06/10/12 6:45 PM ET
Hill to visit Dr. Andrews; Melancon called up
By Evan Drellich and Austin Laymance / MLB.com
Hill was placed on the 15-day disabled list Sunday because of soreness in his left elbow and forearm, a particularly scary sign for a pitcher who last year underwent Tommy John surgery. He's going to Pensacola, Fla., for a Monday morning appointment with Andrews, who performed the surgery.
Melancon, who was demoted April 18, was recalled in Hill's place after dominating at Triple-A Pawtucket. Hill told reporters he wouldn't have answers until after the Andrews meeting.
"Hill had a little tightness in his elbow and, because of the situation that he's dealing with in the first year of his rehabilitation, we're going to have him go back to Dr. Andrews," manager Bobby Valentine said. "He just doesn't feel good throwing his curveball. Hopefully it will come back as [standard operating procedure] that this is the way things happen as you recover from Tommy John."
Hill is 1-0 with a 2.63 ERA in 13 2/3 innings over 17 appearances and last pitched Friday against the Nationals at Fenway Park, throwing a scoreless frame. He was bothered that night by the curveball, but the discomfort dates to May.
"He said about three weeks ago, it bothered him a little, and then it went away and there was no problem," Valentine said. "I heard of it one of those days where I didn't use him for three days or so, and then he said he's fine, and then I think it was five days since he was in a game the other day. In that game, he threw those four curveballs to [Bryce] Harper, and he just didn't feel great about it."
Melancon's start to the season in the big leagues was rough as he allowed 11 runs while recording a total of six outs. As the closer in Pawtucket, the 27-year-old righty did an about-face, posting 0.83 ERA in 21 2/3 innings. He struck out 27 and walked just three, and was happy to return.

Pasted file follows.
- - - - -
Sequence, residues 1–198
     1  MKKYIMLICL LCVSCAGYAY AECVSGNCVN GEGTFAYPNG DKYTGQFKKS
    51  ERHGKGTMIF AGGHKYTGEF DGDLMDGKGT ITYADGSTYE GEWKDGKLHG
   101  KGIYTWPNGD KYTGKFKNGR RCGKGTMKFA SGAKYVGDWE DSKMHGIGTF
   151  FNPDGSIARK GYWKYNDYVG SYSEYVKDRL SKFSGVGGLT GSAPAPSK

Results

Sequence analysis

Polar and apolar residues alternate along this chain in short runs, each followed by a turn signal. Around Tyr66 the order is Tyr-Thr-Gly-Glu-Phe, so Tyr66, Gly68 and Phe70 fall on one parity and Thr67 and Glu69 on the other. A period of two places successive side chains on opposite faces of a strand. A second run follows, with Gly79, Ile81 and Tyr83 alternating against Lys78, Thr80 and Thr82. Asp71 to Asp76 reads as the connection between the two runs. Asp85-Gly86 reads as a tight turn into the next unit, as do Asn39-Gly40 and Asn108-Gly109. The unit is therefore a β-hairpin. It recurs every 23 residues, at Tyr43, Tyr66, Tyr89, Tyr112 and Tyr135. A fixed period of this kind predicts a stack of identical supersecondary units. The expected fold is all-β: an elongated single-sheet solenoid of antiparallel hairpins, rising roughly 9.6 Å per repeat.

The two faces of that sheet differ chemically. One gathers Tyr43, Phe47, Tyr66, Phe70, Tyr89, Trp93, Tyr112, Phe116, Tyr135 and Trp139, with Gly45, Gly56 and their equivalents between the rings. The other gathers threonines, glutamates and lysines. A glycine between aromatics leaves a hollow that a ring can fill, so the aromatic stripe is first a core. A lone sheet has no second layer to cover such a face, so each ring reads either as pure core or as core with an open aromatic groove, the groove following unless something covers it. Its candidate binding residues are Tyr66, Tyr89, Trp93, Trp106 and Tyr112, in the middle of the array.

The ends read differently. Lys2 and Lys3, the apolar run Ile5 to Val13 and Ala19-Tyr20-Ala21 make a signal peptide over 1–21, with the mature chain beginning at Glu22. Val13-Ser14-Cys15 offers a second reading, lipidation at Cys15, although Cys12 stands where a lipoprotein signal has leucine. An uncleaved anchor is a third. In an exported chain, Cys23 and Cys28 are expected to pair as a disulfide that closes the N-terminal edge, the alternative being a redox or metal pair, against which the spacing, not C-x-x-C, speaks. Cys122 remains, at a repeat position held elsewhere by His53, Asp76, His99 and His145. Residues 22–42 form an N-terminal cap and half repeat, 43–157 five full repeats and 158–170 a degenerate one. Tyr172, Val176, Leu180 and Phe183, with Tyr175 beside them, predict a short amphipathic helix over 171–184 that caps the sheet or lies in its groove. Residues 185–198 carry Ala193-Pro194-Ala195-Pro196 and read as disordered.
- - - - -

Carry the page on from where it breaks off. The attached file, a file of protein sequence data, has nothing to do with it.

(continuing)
"It's kind of like, I don't know, I guess if you go to a different school and then you come back," Melancon said. "You kind of just see all your old friends, just a good feeling."
Valentine said the reports he heard of Melancon's time in Triple-A were all excellent and said too that he wouldn't hesitate to throw Melancon into the fire: "As good as he's throwing, I'd like to put him in situations that will help us win a game if that's what's needed."
Melancon said his issue was never confidence, rather "simply aggressiveness and approach." He also took the demotion as well as one could.
The Sox are back to having just two lefties in the bullpen: Franklin Morales and Andrew Miller.
Valentine tossed in ninth for arguing strike call
BOSTON -- It wasn't just the ninth inning that bothered Red Sox manager Bobby Valentine. It was how the umpires called the entire three-game series with the Nationals at Fenway Park, a series the Sox were swept in.
Valentine was ejected by home-plate ump Al Porter over a strike call with Boston's last batter, Dustin Pedroia, at the plate in a 4-3 loss to the Nats on Sunday. Pedroia was struck out swinging by Nats closer Tyler Clippard afterward.
"We've got guys busting their butt, battling their butt off," Valentine said before the team left for its next series, in Miami. "It's not right. Good umpires had a real bad series this series. Real bad series. And it went one way. There should be a review."
The umpiring crew this series included Paul Nauert, Doug Eddings and Dana DeMuth.
"It's pretty disappointing. We're trying to compete -- every one is, both teams -- and you don't want them [the umps] to come into play and stuff like that," Pedroia said. "It's hard enough playing the game against good pitching and good players. It was pretty disappointing."